An ALJ granted her benefits for that closed period on January 25, 2008. Moore could have requested review of that decision from the Appeals Council. 20 C.F.R. §§ 404.967, 416.1467. Generally, she would have needed to request review within a certain time period. 20 C.F.R. §§ 404.900, 416.1400. The Appeals Council then would have either denied the request for review or granted the request and issued its own decision. 20 C.F.R §§ 404.981, 416.1481. After the Appeals Council’s decision, Moore could have requested district court review within sixty days. 20 C.F.R. §§ 404.981, 416.1481. The record does not demonstrate that Moore requested review of the ALJ’s January 25, 2008 decision. Therefore, this court does not have jurisdiction to review that decision or the closed period of disability from July 18, 2004 through November 15, 2005. Rather, this court has jurisdiction to review the decision of ALJ Steven J. Neary on November 25, 2013. Moore’s wages from 2005 through 2007 do not affect ALJ Neary’s decision, and this court will not review them.
Next, Moore has repeated evidence that was presented to ALJ Neary. She has indicated that she did not take her medication because it caused rectal and oral bleeding, but that she received knee injections every six months. The ALJ reviewed the objective medical evidence, which included those allegations, and determined that it did not support Moore’s level of alleged limitation. (Tr. 18). She also referenced the court to the opinions of Drs. Hopen, Jenkinson, and Kaplansky. Those opinions found that Moore had physical limitations and could not work more than twenty to twenty-five hours per week. The ALJ reviewed those opinions and gave them little weight because they were not supported by the objective medical evidence in the record. (Tr. 18). Additionally, she has referenced the court to letters from Pastor Ernest K. Starks and Peter Ford. Pastor Starks indicated that Moore sang in the church choir, which the ALJ noted. (Tr. 18). While Ford stated that Moore worked at the Allen County Public Library and that she would be considered for re-employment if a position became available that she could perform. Moore has not argued that the ALJ improperly discounted the opinions of the above doctors or that he failed to discuss the above evidence. Rather, she only has asked the court to review the above evidence.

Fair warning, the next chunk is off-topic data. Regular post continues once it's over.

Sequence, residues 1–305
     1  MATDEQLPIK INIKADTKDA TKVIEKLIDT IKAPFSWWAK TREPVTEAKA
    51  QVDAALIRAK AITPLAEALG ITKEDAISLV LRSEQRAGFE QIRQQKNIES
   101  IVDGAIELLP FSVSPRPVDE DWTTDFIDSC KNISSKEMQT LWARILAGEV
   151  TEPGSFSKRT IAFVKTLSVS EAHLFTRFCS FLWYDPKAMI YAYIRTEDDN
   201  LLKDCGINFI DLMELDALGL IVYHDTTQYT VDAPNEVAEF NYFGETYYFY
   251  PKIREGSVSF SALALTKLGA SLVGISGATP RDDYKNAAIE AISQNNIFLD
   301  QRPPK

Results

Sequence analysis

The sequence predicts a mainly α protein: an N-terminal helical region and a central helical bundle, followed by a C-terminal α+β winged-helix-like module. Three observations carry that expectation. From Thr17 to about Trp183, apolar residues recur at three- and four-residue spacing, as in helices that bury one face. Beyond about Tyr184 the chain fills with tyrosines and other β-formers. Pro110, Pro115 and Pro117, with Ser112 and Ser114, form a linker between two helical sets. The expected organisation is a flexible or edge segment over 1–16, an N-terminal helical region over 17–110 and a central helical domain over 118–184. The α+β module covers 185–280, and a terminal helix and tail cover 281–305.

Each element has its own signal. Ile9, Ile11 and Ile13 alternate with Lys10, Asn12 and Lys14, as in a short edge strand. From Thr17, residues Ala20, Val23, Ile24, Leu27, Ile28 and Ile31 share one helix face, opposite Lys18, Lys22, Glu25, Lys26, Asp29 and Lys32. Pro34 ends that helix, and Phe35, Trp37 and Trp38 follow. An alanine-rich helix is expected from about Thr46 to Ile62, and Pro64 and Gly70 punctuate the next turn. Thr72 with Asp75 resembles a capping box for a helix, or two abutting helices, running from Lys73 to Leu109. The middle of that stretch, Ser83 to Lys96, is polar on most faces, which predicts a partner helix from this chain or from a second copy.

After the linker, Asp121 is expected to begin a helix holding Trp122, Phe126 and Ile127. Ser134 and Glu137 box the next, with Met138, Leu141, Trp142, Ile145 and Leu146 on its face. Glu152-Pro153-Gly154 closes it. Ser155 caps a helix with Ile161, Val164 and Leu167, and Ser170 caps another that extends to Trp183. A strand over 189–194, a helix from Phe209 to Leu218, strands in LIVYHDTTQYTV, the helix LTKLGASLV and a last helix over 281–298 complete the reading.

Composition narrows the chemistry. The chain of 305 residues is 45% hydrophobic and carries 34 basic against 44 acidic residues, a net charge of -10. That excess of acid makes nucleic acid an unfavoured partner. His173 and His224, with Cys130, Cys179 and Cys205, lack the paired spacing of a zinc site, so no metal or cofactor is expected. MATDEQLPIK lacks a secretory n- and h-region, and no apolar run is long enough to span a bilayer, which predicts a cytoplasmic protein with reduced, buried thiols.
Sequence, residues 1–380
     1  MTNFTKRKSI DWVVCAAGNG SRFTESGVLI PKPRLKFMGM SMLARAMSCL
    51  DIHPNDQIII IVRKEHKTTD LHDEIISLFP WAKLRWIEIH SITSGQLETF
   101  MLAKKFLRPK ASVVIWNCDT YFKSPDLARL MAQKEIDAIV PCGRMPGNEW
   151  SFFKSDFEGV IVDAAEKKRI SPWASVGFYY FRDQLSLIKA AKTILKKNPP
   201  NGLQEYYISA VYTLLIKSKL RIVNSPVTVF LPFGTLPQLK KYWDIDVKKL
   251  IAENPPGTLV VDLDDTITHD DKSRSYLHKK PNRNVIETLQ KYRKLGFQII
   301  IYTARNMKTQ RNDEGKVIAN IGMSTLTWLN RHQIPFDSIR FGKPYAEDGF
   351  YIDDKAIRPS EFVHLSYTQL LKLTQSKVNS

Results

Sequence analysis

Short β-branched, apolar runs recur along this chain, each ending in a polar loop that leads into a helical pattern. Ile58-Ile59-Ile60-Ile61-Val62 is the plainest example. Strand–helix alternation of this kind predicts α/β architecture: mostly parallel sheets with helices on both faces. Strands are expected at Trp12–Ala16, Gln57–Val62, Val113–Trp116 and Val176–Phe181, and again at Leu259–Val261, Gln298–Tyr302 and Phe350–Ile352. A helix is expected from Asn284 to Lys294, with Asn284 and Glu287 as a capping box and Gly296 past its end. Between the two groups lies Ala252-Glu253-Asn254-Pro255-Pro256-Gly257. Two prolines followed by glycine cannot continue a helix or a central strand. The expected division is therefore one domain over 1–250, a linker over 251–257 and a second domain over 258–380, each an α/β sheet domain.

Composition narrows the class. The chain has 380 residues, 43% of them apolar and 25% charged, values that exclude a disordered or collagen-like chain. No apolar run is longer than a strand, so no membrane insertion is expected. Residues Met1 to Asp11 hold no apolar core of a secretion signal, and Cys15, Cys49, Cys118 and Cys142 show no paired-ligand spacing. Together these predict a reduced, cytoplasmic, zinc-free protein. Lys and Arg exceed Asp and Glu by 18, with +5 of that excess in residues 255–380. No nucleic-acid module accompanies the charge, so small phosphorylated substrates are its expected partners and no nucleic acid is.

Last, Moore has presented new evidence of doctors’ appointments in 2014 and her current medical conditions. That evidence was not part of the record before the ALJ and occurred after the ALJ issued his decision. The court will not consider this new evidence when deciding whether the ALJ’s decision was supported by substantial evidence. See Eads v. Secretary of Dep’t of Health & Human Servs., 983 F.2d 815, 817 (7th Cir. 1993). A court may consider new evidence when the claimant requests a remand under 42 U.S.C. § 405(g) based on new and material evidence. Eads, 983 F.2d at 817. Moore has not made that request.
However, even if Moore had made that request, the court does not find that the new evidence is material. Moore only has indicated that she returned to her family doctor for two appointments and that she had a colonoscopy. Evidence is material if it would cause the ALJ to reach a different conclusion. Schmidt, 395 F.3d at 742. The new evidence does not speak to Moore’s past condition at or before the hearing before the ALJ and therefore, could not affect the ALJ’s decision. Getch v. Astrue, 539 F.3d 473, 484 (7th Cir. 2008) (“Medical evidence postdating the ALJ’s decision, unless it speaks to the patient’s condition at or before the time of the administrative hearing, could not have affected the ALJ’s decision and therefore does not meet the materiality requirement.”) (citing 20 C.F.R. § 404.970(b)). Therefore, the court will not consider the new evidence when reviewing the ALJ’s decision.
Moore has not demonstrated that the ALJ’s decision was not supported by substantial evidence or that he erred by applying an incorrect legal standard. The ALJ followed the five-step sequential evaluation process to determine whether Moore was disabled. He reviewed the objective medical evidence, the opinion evidence from the doctors in the record, and Moore’s allegations. The ALJ included reasons to support his RFC, for not finding Moore entirely credible, and for discounting the opinions of Drs. Hopen, Jenkinson, and Kaplansky. Furthermore, he relied on the opinion of Dr. Bacchus, the objective medical evidence, and Moore’s activities of daily living to support his ultimate findings. Therefore, the ALJ’s decision was supported by substantial evidence.
Based on the foregoing reasons, the decision of the Commissioner is AFFIRMED.